The building blocks of recovery; As the implications from last month's Budget become clearer, Simon Marks, partner at EC Harris in Birmingham, provides an analysis of the implications for built assets.
Alistair Darling's overarching theme for the Budget was achieving efficiency savings while delivering better public service outcomes.
In the local government sector, this means creating additional efficiency gains by 2013/14 from back office services, IT and procurement and will require local authorities to adopt and implement fundamental business process change coupled with radical built-asset solutions.
The additional demand for a further pounds 16 billion of capital receipts from asset disposals for reinvestment into new programmes over three years from 2011/12 will also require local authorities to take a fundamental look at their property assets and make transformational changes in how they deliver frontline services.
Ultimately it will require authorities to work on built-asset solutions in an unprecedented manner.
In the housing sector, the Homes and Communities Agency's three main business drivers are dominant throughout Darling's Budget Report, namely: housing delivery; employment and training; and environmental sustainability.
The impact of the pounds 1 billion financial stimulus package that was announced - 50 per cent of which is earmarked to kick-start funds for new starts on site - will be completely dependent on flexibility.
To be effective, it will need to be able to effectively provide "gap or equity funding" - a matter the Treasury must get its head around quickly.
The rest of the package includes pounds 80 million extra for Homebuy Direct; which we estimate will support the purchase of some 4,000 standing stock units - not enough in our view.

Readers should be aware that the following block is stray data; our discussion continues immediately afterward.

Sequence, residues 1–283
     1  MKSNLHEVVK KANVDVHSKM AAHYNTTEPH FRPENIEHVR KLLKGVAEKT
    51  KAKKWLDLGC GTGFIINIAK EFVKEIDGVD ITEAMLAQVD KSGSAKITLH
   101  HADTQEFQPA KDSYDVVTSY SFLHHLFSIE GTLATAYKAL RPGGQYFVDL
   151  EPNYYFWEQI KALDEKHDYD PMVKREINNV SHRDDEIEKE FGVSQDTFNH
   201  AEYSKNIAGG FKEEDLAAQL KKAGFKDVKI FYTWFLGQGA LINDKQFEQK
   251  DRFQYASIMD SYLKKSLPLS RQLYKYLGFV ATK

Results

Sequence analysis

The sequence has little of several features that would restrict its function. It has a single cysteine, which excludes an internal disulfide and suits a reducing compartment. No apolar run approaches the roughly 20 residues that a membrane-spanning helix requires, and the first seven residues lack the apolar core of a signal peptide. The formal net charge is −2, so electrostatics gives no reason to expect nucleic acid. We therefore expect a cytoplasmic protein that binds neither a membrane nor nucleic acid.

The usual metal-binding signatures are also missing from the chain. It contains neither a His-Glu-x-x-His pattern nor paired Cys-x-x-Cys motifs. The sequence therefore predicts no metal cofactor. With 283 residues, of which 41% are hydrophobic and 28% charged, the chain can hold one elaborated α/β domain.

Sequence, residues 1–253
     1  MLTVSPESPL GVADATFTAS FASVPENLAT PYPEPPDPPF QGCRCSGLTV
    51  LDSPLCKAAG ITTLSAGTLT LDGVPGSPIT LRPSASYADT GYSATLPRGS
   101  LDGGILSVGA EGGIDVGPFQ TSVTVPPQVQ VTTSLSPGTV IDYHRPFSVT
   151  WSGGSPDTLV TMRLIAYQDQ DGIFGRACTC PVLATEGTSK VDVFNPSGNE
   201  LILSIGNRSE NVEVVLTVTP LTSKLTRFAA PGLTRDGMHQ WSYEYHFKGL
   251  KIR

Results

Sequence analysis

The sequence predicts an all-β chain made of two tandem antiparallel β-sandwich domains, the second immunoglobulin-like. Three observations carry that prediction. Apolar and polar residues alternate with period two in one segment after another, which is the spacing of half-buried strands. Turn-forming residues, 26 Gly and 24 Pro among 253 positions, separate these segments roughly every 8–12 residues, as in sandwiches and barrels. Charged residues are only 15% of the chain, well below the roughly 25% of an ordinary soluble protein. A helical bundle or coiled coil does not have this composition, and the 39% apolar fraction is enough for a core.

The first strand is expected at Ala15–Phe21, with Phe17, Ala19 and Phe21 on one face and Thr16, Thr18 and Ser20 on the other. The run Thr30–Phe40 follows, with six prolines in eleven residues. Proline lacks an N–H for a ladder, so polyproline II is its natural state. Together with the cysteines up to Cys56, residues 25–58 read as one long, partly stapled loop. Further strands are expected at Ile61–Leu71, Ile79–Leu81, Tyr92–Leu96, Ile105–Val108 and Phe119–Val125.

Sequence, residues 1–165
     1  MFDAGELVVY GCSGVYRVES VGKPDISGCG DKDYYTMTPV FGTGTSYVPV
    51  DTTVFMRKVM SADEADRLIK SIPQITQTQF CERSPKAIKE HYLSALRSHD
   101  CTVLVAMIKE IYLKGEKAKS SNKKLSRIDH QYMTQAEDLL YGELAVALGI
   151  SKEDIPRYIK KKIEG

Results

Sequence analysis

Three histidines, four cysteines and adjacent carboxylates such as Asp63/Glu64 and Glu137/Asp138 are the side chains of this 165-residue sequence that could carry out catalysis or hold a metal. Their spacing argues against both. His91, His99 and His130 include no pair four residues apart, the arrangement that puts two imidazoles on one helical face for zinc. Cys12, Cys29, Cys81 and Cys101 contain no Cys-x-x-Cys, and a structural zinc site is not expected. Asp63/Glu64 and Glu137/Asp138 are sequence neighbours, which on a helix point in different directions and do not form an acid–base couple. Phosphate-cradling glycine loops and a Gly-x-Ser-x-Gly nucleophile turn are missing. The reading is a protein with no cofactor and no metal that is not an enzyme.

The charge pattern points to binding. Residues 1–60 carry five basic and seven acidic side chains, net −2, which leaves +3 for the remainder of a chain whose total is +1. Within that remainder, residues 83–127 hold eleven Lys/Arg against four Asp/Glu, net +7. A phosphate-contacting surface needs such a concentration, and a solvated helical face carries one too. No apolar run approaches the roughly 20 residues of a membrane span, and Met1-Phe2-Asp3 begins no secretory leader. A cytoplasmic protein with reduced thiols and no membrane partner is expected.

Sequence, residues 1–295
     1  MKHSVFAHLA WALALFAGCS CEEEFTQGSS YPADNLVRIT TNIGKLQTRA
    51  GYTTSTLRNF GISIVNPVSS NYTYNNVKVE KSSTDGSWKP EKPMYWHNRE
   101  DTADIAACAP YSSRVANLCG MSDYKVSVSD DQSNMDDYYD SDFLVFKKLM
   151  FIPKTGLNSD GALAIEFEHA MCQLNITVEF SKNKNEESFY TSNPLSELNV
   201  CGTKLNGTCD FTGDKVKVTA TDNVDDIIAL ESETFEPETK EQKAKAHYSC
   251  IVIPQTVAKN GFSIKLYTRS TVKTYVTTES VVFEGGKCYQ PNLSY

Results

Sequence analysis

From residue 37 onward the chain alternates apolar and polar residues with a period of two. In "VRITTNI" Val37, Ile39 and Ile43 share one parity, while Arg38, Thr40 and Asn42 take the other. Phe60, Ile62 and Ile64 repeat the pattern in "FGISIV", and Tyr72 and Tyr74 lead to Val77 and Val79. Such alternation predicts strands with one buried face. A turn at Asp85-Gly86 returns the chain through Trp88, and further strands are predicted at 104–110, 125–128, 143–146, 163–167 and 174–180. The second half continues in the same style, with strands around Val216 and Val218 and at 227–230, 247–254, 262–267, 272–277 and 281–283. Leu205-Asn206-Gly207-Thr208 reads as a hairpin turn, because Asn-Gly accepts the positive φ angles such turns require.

The impact of the pounds 1 billion financial stimulus package to tackle carbon reduction on the housing sector is uncertain at this stage, but it does feel like Labour's eco town initiative has finally bitten the dust and turned into a meagre pounds 100 million council-led building programme.
Investment in education remains the Government's key priority and we are now part way through the largest capital investment programme in generations, which will last for some 20 years.
The Government's continued commitment should provide opportunities for small businesses and allow schools and children to benefit early from important projects.
The chancellor has placed built assets at the heart of nurturing economic recovery but to deliver meaningful economic stimulus we need to find a way for those firms whose traditional markets have evaporated to maximise their contribution to delivering in education and other public sector investment programmes.
If we crack this, it will head off the resource shortage, which is a root cause of cost inflation, and will allow the money that is being brought forward to deliver a genuine upturn in economic activity on a localised level across the Midlands. .
Simon Marks, of EC Harris Alistair Darling on Budget day
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|Publication:||The Birmingham Post (England)|
|Date:||May 21, 2009|
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